Best long distance runners come from Africa and I don’t doubt that at all. Kilimanjaro works as a perfect high altitude training place and after that when you are in a safari just looking at the wild animals, their perfect physic, running technique, muscles, and speed. You are so filled up by the inspiration that you want to just start running.
Less than a week to go for the Kenya Safari Full Marathon.
I want to make the best possible run there. The track is challenging, the air in Savannah is cold in the morning and as soon as the sun rises it will be hot. Also, the wildlife will bring its own excitement to the game. Maybe the time will be better if you are chased by a lion.
Choosing clothes will play a big role here. They need to be the best there is and just right for these circumstances.
I have been testing now different clothes before the race and tried to find the best possible combination. Heat makes the choice of the clothes really hard also the mosquitos, wild animals, sun and humidity.
Your running clothes, especially long distances, can’t be uncomfortable or cause any abrasion so running with tights would be the best choice. Only thing is that in this heat I would like to run with shorts. Also because of the heat, I would like to choose the thin and sleeveless top. But the sun is burning hot, so a t-shirt or maybe even a long sleeve thin jacket could be a safer choice to avoid sunburns.
My choice is to start the race in this white and thin running jacket. It’s perfectly lightweight and protects from the sun and keeps me warm in the morning but it’s not heavy or hot.
These green tights are one of my favorites. They are so thin and for that reason perfect to the Safari. High rise pelvis and feels like a second skin. Feels like you are wearing…Nothing at all.
I was thinking that the t-shirt is better because of the sun, but there is a risk of abrasion so I think I will go with a top.
In Safari or Savanna colors play an important role as well. Of course, every runner wants to look good but bright and neon colors are not recommended. When you run among the wild animals some of them might be scared or even attack you because of the coloring of your gear. That’s why I’m choosing natural colors for this race green and white.
I’m really waiting for the race to start. I feel joy when I see all the runners and of course, we are also running for a good cause which doubles the joy as well. A couple of days to train and then we will see how the marathon will roll out in these conditions.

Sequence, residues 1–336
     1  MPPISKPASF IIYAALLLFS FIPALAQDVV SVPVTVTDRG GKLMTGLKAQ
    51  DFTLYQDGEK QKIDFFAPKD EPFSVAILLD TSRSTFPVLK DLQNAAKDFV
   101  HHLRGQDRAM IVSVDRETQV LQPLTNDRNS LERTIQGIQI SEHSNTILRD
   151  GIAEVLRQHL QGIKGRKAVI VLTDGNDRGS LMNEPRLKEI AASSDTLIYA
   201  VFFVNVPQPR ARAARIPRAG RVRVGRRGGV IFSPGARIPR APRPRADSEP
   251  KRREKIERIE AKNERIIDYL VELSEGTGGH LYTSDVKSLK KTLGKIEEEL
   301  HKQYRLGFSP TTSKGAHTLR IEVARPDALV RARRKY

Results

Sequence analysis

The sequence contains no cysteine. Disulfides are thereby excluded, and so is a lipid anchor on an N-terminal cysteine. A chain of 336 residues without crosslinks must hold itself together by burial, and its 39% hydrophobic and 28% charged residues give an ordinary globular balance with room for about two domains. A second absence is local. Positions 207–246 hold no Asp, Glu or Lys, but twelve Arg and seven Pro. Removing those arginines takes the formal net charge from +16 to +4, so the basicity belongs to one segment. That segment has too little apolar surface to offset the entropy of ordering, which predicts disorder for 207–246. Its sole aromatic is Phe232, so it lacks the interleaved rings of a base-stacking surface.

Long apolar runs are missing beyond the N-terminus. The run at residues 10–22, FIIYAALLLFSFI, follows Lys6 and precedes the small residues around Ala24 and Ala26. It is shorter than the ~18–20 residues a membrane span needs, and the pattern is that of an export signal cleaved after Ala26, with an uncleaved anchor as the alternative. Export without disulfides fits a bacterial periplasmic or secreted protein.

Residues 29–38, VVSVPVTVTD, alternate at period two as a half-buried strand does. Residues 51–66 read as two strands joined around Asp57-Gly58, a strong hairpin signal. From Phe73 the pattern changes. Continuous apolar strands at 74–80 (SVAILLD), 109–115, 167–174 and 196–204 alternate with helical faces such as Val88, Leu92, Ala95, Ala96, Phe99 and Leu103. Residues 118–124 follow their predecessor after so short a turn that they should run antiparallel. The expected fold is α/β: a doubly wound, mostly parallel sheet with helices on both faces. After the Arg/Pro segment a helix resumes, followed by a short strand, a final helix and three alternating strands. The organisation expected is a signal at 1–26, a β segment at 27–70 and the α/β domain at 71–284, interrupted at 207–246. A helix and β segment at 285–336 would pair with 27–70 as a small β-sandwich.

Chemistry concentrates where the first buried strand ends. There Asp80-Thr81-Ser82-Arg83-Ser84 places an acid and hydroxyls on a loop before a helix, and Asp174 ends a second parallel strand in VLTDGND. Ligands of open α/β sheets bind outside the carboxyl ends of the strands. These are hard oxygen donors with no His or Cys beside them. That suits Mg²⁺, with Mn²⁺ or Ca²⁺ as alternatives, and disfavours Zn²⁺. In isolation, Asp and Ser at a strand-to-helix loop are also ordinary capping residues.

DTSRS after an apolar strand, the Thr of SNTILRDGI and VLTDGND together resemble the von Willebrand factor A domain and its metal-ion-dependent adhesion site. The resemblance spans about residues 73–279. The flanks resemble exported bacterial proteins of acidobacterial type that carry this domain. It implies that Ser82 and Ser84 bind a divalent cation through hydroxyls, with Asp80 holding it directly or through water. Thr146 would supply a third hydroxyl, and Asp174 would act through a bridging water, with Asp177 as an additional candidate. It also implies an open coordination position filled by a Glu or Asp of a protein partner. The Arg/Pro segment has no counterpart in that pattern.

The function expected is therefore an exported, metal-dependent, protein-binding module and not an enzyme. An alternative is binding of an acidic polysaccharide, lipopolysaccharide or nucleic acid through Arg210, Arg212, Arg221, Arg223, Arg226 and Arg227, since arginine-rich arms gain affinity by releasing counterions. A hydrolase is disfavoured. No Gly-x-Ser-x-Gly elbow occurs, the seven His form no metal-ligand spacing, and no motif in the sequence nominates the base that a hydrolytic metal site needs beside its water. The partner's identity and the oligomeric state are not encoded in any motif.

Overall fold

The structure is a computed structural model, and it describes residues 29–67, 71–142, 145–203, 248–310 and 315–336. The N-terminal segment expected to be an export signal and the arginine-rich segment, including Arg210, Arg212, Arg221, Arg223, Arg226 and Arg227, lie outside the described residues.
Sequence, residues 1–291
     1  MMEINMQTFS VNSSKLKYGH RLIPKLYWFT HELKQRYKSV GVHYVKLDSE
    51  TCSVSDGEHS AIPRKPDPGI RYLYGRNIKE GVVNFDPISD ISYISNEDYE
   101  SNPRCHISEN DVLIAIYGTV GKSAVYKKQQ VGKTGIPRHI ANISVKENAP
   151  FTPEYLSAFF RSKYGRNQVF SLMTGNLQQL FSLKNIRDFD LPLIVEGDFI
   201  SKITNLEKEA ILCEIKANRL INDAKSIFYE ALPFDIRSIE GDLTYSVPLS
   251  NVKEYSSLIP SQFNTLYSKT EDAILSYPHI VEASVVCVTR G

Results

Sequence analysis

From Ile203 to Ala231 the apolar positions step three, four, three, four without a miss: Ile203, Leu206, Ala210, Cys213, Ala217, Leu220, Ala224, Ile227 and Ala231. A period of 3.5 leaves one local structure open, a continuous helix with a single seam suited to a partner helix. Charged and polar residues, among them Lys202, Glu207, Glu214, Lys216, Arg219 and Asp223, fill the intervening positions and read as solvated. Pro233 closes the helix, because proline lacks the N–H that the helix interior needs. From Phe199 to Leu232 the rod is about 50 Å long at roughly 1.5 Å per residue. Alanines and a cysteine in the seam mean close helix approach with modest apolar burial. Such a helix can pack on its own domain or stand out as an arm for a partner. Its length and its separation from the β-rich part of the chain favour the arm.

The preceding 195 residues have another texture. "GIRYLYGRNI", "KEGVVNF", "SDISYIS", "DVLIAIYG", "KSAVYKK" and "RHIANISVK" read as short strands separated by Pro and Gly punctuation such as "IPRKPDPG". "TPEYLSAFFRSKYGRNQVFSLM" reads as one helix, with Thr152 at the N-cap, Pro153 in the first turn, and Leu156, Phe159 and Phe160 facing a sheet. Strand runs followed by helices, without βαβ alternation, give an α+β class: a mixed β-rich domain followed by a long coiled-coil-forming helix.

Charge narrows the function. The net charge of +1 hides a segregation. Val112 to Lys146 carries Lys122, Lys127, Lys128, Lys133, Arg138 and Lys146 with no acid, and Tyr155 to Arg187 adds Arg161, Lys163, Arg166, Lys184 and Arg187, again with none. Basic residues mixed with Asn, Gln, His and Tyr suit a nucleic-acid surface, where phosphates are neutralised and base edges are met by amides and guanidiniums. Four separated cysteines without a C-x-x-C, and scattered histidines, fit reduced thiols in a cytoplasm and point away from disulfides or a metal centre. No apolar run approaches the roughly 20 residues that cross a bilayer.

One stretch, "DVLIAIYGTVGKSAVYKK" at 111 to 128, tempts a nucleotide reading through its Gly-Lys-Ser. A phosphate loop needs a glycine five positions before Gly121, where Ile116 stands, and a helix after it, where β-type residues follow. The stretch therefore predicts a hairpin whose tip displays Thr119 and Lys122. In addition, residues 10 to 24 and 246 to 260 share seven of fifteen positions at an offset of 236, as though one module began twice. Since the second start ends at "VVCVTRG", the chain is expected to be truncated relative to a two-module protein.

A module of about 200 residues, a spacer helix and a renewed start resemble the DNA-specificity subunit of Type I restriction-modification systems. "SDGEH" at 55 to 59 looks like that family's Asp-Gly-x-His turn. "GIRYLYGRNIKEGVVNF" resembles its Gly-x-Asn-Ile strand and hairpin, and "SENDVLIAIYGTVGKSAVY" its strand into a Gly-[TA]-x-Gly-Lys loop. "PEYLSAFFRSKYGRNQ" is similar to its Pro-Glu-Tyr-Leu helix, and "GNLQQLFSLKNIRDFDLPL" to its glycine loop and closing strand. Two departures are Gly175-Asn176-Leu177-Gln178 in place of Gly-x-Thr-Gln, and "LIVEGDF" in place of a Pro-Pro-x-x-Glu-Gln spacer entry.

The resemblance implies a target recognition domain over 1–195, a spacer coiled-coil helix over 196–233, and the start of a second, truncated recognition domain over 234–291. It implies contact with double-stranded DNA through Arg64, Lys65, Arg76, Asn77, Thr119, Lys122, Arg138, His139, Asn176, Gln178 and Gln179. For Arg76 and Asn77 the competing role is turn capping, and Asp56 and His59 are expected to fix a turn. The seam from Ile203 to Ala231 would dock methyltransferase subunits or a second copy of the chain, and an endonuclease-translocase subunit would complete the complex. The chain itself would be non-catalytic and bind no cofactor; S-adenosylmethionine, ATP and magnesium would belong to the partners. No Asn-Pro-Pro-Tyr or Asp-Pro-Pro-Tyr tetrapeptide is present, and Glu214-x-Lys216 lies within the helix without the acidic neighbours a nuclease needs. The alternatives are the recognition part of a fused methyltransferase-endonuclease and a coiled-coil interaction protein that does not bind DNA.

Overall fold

Tusk Safaricom Marathon:
The course is set on dirt roads that take the runners on a route through the conservancy – across savannah plains, along river banks, and through acacia woodland. Half Marathon runners complete one loop of the course (21.1km / 13 miles), Full Marathon runners, two (42.2km / 26 miles).
The race is run on a game reserve and animals will be seen during the race. When running stay on the designated course and only use the official toilets if required. The course will be patrolled at all times and there will be armed rangers located around the course. A helicopter and Supercub light aircraft monitor the movements of the large species during the race.
The Lewa Wildlife Conservancy, based at the foothills of Mount Kenya, works as a model and catalyst for the conservation of wildlife and its habitat. We do this through the protection and management of species, the initiation, and support of community conservation and development programs, and the education of neighboring areas in the value of wildlife.
For the last three decades, our practices have resulted in thriving black rhino habitat and population, which in turn has created a robust ecosystem for a multitude of species including the endangered Grevy’s zebra, elephant, lion, cheetah, giraffe and more. We envision a future where people across Kenya value, protect and benefit from wildlife. This future depends on communities being able to derive their day-to-day livelihoods in ways that are compatible with thriving wildlife habitat. As a result, we invest heavily in the livelihoods of our neighbors through programs in education, healthcare, water, micro-enterprise, youth empowerment and more.
Follow my journey to the race and back from Instagram and blogs.
Next blog will be from the race itself so stay tuned.